Incidentally, another Java option that might be interesting to look at embedding in a game engine might be JShell?

Wouldn’t Javascript also be a good option for allowing user scripty stuff?

Cas :slight_smile:

Seems the obvious solution with Nashorn there, assuming you’re not building a “turtles all the way down” system like myself - ie. where you’re running performance stuff in the main loop.

It still doesn’t solve the security problem though. And these days it’s possible to write a Java API that’s more readable and less verbose than a JavaScript one - now that’s a refreshing change! ;D

My engine has a Component that can load JavaScript or Java source code. JavaScript is plugged into Nashorn (this is very simple and I think a viable scripting solution for most of the use cases out there), Java is compiled at runtime and loaded with the given classloader…just like every other sane module system does it. For the Java components I implement, I compile against a small API that can be used on provided scope in maven (component interface has init(EngineContext context), update(float deltaSeconds) functions and so on). You can limit the objects that the foreign component can use right there, by the interface definitions you provide. You still have the problem that one can execute arbitrary Java code in his component. Having different classloaders is optional here and has to be used when you want to isolate multiple extensions (external modules) from each other.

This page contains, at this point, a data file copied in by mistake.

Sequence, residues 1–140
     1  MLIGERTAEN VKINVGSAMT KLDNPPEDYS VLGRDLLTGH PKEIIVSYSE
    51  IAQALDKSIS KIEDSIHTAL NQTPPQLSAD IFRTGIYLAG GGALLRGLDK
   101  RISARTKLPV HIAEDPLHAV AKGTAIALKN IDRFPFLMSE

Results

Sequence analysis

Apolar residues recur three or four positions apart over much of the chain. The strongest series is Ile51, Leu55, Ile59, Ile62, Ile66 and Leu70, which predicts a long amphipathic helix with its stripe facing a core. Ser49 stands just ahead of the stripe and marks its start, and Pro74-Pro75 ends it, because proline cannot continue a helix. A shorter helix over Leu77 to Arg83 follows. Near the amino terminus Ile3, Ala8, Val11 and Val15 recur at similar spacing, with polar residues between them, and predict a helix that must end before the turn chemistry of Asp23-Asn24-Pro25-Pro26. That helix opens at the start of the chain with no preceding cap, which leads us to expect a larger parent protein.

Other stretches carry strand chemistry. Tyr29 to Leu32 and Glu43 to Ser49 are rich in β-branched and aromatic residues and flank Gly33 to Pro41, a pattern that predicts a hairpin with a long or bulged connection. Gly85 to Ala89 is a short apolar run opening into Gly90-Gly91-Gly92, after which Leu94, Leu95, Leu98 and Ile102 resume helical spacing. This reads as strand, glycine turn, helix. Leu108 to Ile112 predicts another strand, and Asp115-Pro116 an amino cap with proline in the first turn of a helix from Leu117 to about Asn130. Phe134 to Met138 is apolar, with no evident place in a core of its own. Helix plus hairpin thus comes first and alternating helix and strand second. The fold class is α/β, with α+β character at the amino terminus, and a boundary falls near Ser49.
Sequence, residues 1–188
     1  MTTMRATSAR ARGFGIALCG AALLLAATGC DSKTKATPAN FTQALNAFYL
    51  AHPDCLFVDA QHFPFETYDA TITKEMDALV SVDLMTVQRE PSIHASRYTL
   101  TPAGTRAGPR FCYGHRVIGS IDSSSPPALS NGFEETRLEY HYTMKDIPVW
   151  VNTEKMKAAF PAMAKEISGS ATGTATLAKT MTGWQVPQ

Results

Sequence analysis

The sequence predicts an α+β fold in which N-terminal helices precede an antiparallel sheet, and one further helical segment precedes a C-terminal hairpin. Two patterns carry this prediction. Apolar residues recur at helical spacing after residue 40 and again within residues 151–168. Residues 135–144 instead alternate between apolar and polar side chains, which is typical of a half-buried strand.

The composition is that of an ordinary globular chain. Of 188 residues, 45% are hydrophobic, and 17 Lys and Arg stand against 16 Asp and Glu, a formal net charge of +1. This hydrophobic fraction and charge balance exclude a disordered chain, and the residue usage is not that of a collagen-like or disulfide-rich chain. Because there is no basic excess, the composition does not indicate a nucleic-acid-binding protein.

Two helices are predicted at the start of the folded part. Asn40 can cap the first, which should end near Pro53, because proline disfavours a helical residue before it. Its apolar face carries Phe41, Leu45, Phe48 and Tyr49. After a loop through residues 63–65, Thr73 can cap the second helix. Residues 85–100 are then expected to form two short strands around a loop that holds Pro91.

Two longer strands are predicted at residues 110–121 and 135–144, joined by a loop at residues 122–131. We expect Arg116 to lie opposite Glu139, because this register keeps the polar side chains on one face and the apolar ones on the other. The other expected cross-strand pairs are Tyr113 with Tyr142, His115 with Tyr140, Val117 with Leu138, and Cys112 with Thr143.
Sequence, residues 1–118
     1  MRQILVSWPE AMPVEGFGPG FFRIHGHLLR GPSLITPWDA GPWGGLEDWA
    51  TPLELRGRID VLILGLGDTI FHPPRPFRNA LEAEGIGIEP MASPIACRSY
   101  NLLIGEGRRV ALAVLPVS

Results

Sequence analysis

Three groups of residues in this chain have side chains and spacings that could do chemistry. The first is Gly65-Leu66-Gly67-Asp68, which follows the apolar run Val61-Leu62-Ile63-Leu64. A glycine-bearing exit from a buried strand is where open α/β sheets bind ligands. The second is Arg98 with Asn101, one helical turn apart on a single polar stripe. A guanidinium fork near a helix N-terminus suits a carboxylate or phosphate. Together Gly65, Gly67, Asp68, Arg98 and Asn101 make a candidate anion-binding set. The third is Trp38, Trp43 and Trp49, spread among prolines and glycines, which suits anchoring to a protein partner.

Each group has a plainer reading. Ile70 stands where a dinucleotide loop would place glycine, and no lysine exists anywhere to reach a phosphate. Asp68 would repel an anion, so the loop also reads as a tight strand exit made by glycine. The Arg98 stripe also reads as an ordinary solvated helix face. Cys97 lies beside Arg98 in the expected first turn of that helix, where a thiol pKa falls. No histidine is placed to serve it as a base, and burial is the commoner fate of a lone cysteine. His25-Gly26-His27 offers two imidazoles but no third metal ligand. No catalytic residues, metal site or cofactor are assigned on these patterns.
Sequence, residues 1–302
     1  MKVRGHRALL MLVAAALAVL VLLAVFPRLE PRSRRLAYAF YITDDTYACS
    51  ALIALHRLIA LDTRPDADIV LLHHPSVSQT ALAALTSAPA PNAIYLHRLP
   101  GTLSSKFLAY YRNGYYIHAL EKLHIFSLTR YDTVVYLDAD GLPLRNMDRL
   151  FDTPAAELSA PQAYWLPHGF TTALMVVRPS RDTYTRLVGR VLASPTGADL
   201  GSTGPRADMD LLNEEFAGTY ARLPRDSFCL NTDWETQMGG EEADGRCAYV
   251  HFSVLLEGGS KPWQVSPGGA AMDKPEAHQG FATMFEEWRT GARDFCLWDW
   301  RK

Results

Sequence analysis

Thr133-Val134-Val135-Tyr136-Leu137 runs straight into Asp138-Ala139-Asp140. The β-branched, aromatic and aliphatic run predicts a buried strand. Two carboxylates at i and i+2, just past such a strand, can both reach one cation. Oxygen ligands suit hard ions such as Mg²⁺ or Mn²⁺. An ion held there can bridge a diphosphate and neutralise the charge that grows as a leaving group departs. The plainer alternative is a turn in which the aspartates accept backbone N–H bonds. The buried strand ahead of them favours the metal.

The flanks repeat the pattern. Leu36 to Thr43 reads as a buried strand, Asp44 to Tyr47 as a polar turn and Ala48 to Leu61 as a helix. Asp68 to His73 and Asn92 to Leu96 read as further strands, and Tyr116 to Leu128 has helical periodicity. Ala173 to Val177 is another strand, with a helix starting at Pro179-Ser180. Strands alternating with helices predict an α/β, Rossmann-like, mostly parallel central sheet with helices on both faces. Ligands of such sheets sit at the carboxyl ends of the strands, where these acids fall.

Another approach would be to go modular with the JPMS…with this you could export modules only to your own modules, but you can’t prevent arbitrary code execution. All in all, I don’t think it’s worth the hassle at all.

And can reflect on and access private fields of anything you do pass in unless you’ve locked that down?

Besides the security aspects of using classloaders, it also depends if you’re allowing runtime code updates. Throwaway classloaders are then useful because they get GC’d when the old class goes out of scope.

Building secure sandboxes:

  1. is (very) hard
  2. will almost certainly have holes in it.
  3. takes significant effort
  4. Increases complexity (both for you, and potential modders)